Tracking water bodies

Image of the Month - November 2017

Global map of the 4300 stations Implemented onboard Jason-3 (Credits Legos/Cnes)
Height level of the Garonne river (France) at Caumont (155 m width) (Credits Legos/Cnes)
Height level of the Loire river (France) at Saint-Michel (250 m width), compared with in situ measurements. With a correlation of 0.97, the Jason-3 Open Loop mode shows a very good agreement (Credits Legos/Cnes)

Satellite radar nadir altimeters have been widely used to measure river and lake surface water elevations for the last two decades.
However, since these instruments are primarily designed to observe ocean surface topography, they are not always able to observe the inland waters. For steep-banked rivers (i.e. in valleys not wider than a few kilometers and surrounded by slopes higher than 50 m), altimeters tend to observe the top of the surrounding topography rather than the river itself. This occurs for all river widths, but is more frequent for smaller rivers. The altimeter onboard Jason-3, launched in January 2016, has an alternative instrument operation mode, the so called Digital Elevation Model (Diode/DEM) tracking mode or Open-Loop mode (OL) which is designed to overcome this issue.
However, using this tracking mode requires an a priori knowledge of the target elevation with a rather good exactitude (typically a dozen of meters). It is not trivial to collect data which meet this constraint on a global scale.

This is why, given the interest for the entire hydrological community, LEGOS and CNES teams have combined their technical and scientific expertise to implement the right strategy. The database was thus recently enlarged with about 4300 targets around the world to build the new Jason-3 onboard DEM which was downloaded at the end of August and has been activated since Cycle 57, track 160.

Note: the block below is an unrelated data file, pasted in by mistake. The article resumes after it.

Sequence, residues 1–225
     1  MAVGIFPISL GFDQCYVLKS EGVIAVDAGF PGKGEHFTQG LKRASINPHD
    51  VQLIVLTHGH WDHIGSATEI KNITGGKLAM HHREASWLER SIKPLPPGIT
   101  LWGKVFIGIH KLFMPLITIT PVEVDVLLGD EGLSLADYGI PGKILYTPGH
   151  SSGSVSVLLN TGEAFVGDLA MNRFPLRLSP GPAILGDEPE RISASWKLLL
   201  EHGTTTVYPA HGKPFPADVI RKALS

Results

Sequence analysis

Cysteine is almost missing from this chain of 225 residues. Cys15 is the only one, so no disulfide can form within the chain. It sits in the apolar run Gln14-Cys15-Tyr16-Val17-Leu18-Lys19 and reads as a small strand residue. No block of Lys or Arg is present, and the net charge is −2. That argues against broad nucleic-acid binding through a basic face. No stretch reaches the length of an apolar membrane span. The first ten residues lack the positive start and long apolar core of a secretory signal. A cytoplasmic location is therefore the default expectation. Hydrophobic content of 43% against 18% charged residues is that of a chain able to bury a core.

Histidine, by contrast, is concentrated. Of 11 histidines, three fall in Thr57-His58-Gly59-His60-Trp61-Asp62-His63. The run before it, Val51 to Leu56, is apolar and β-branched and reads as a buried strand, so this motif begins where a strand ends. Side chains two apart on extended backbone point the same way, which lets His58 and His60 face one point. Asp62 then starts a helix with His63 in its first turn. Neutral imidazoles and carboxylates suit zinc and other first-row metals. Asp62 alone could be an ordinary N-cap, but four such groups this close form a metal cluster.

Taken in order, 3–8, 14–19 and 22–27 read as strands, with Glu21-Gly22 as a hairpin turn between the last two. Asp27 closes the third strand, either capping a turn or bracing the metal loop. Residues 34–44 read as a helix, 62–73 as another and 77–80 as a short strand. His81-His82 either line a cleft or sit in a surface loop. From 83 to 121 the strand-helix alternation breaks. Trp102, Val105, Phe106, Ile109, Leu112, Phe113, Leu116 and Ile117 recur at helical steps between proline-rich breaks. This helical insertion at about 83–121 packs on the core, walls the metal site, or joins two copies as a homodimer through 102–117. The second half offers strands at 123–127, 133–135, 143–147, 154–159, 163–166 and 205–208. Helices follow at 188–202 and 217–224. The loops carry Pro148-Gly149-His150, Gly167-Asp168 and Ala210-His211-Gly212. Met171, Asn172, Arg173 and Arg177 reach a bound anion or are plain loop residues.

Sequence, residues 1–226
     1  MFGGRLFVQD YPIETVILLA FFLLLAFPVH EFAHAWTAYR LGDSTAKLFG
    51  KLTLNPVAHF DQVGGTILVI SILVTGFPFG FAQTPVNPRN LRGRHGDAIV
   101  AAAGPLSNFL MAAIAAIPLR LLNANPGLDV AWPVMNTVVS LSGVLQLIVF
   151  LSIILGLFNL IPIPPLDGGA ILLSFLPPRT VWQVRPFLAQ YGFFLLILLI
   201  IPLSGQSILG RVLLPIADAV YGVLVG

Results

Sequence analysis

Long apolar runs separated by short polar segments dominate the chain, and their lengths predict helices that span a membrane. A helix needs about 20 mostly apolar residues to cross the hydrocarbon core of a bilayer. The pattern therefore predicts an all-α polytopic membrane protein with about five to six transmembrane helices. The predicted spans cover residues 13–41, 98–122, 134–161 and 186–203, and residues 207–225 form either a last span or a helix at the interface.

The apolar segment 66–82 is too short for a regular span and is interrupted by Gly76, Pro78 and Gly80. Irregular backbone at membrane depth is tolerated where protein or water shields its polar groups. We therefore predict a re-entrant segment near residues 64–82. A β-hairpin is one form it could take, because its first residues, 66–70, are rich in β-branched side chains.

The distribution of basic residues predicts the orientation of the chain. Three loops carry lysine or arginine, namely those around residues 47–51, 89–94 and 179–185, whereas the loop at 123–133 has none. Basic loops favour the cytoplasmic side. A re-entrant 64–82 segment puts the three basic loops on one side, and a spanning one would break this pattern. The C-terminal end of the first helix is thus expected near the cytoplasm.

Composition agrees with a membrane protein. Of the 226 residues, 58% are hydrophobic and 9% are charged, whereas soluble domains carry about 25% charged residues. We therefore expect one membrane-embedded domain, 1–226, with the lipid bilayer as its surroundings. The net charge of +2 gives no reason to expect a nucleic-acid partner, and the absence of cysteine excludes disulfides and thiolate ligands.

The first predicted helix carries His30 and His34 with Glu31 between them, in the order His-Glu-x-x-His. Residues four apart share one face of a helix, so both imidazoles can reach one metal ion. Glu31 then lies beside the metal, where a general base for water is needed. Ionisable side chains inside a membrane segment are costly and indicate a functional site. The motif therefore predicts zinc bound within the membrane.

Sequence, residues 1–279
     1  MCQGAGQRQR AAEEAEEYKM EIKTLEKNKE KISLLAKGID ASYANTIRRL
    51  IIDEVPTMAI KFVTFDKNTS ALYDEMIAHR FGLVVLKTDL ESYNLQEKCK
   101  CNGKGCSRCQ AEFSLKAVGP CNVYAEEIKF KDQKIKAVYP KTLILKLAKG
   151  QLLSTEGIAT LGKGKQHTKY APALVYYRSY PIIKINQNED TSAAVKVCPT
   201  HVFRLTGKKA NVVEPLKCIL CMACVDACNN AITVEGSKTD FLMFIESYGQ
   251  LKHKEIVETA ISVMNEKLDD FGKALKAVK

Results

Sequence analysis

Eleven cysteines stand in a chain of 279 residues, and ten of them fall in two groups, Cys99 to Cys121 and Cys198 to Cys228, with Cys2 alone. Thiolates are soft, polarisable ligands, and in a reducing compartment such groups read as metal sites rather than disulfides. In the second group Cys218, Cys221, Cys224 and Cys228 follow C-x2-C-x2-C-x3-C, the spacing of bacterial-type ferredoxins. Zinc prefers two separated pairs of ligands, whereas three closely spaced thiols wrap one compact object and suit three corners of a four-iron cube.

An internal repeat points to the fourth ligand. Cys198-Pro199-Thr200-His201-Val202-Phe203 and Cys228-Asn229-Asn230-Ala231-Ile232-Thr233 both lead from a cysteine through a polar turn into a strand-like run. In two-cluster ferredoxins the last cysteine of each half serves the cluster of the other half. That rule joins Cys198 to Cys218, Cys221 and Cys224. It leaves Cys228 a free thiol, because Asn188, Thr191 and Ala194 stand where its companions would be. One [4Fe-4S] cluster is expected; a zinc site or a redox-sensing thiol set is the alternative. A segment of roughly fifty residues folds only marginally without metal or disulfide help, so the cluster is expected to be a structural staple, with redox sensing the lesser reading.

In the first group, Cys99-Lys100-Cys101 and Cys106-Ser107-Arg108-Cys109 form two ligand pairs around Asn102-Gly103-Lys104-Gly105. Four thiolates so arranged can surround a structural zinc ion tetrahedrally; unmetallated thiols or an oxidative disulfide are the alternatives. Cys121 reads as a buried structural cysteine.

This upload has been very successful and the validation done over four cycles shows that the altimeter performance over inland waters was significantly improved. For example, it has been shown that "small" rivers  such as the Loire or the Garonne in France which were never observed in the past by the Jason satellites, are now observed for each overpass. In the future, we intend to further increase the size of the database for Jason-3 and do the same work for Sentinel-3. This will prepare for the very large progress in hydrology that will be brought by SWOT in the near future.

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